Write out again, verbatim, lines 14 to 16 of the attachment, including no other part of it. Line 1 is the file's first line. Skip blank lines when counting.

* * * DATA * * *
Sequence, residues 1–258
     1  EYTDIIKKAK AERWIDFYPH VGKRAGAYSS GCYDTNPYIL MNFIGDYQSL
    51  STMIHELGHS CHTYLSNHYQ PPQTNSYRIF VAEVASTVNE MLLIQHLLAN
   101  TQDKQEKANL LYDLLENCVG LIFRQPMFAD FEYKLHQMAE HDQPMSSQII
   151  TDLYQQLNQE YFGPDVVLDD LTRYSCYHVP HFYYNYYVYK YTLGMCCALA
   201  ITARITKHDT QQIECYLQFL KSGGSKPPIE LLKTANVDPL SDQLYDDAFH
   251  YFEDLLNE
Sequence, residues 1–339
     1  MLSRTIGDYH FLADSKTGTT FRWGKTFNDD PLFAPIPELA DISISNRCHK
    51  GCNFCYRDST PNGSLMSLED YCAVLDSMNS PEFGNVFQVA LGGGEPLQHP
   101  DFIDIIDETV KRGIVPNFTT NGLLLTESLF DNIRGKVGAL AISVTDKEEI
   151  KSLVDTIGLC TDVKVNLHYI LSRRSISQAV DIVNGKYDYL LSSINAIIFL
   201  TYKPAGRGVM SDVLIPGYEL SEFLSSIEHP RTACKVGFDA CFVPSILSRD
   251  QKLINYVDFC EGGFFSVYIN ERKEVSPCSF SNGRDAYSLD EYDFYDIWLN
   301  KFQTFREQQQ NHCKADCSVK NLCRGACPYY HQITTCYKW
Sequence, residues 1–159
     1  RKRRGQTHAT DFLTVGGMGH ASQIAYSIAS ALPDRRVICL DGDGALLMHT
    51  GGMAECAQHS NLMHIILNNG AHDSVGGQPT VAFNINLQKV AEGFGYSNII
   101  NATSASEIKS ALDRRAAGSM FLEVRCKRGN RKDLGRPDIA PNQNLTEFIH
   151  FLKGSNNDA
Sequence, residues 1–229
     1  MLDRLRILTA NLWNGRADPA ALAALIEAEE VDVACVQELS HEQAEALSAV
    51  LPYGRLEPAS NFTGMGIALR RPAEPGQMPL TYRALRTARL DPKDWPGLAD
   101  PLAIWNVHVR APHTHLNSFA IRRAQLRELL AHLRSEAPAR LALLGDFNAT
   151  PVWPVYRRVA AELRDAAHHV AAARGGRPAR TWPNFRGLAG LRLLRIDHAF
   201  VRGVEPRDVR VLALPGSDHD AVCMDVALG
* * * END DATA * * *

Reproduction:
   251  QKLINYVDFC EGGFFSVYIN ERKEVSPCSF SNGRDAYSLD EYDFYDIWLN
   301  KFQTFREQQQ NHCKADCSVK NLCRGACPYY HQITTCYKW
Sequence, residues 1–159